What is astounding is how Geese have long baffled people. Barnacle Goose was so named because Europeans thought They were born from Barnacles! No one saw an egg or a gosling, only Geese returning from the sea. Meanwhile Tree Geese supposedly came from the willows on Orkney Island!

Geese teach people to be aware of everything. So perceptive are Geese that They often lead people on a “wild goose chase”. Instead of inventing inane stories, people should investigate things more fully. Do not be a “Silly Goose”, rather become a “wise one”.

Virginia Carper, Animal Teachers

Monday, September 07, 2009

Mallard: Being Popular

The most widespread of the Duck Family, Mallard is familiar to many people. Say “duck” and Mallard, the largest of the Ducks comes to mind. Unlike most Ducks, He is not bothered by people. Mallard will nest anywhere there is water such as public fountains and parks.

Another example of Mallard’s uniqueness is how He exemplifies both Bergman’s and Allen’s Rules. At the Polar Regions, Mallard is larger than his Temperate Zone counterpart. Because his bill is vulnerable to cold, Polar Mallard has a smaller one.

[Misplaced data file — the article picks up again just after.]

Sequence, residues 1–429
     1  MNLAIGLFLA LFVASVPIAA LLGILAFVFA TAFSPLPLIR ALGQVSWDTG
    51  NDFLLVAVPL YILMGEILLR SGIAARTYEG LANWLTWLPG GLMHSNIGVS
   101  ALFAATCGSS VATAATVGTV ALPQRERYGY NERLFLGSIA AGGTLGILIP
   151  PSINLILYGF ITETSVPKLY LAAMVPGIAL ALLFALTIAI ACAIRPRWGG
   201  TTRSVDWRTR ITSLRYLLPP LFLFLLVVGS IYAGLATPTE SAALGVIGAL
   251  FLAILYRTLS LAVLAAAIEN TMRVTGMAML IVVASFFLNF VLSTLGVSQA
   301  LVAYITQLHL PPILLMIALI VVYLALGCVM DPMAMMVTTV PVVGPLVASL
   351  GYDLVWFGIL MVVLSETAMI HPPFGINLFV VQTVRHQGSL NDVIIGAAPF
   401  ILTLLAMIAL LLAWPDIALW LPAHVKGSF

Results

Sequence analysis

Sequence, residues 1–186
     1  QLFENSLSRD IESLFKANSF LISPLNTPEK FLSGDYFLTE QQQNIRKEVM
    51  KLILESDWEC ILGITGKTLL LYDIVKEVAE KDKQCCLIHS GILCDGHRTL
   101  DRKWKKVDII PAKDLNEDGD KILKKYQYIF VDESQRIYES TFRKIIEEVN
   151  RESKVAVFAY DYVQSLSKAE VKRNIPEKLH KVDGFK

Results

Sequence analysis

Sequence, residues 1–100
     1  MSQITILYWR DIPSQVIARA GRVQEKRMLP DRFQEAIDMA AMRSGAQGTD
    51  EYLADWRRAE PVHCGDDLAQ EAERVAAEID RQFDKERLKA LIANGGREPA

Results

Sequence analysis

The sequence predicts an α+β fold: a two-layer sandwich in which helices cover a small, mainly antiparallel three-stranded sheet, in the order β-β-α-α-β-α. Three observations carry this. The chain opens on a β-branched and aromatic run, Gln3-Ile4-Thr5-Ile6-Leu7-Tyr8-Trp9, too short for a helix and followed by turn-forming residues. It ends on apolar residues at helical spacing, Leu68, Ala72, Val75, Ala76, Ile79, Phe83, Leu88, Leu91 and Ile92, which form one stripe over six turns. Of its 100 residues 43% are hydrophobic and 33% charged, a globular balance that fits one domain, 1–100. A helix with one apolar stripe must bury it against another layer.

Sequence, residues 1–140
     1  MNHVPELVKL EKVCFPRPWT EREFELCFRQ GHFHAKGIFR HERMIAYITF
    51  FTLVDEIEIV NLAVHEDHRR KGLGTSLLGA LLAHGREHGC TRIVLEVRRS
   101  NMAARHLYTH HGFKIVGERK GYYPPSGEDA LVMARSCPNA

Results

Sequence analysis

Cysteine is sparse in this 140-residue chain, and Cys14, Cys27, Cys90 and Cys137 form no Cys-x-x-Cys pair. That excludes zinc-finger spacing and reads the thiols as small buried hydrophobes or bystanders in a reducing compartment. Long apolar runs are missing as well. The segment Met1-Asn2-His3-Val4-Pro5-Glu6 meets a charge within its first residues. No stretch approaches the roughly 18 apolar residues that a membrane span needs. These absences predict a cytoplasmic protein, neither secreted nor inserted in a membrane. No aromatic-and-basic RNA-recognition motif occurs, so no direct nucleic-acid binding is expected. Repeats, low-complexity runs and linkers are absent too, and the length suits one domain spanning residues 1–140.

Because of Mallard’s friendliness, He is the ancestor of today’s Domestic Ducks (except for the South American Muscovy). Archaeological evidence even suggests that Domestic Ducks were bred from Mallard before Chickens were domesticated. Even today, many species of Domestic Ducks still retain Mallard’s curly tail.

Wherever He goes, Mallard is easily recognized. People enjoy feeding He and his Friends at ponds. Because of his willingness to live near people, He has become well-known. Mallard teaches the key to popularity is friendliness and accessibility. Be like Him and have many friends.

Science Notes:

1. Allen’s Rule and Bergmann’s Rule
These two rules give general guidelines to an animal’s body shape and size. According to Allen’s Rule, members of the same animal species will differ according to the climate where they live. An animal’s arms, legs, ears, and nose will be shorter in the cooler parts of their range. According to Bergmann’s Rule, geographic groups of a species will have smaller bodies in the warmer parts of their ranges. In the cooler parts, their bodies will be larger.

2. Collective nouns for groups of ducks: in water: raft, paddling. taking off: sord. in flight: team, brace, flight, flock. on the ground: brace.

Virginia Carper, Animal Teachers

Sunday, September 06, 2009

Wood Duck: Be As Colorful As You Want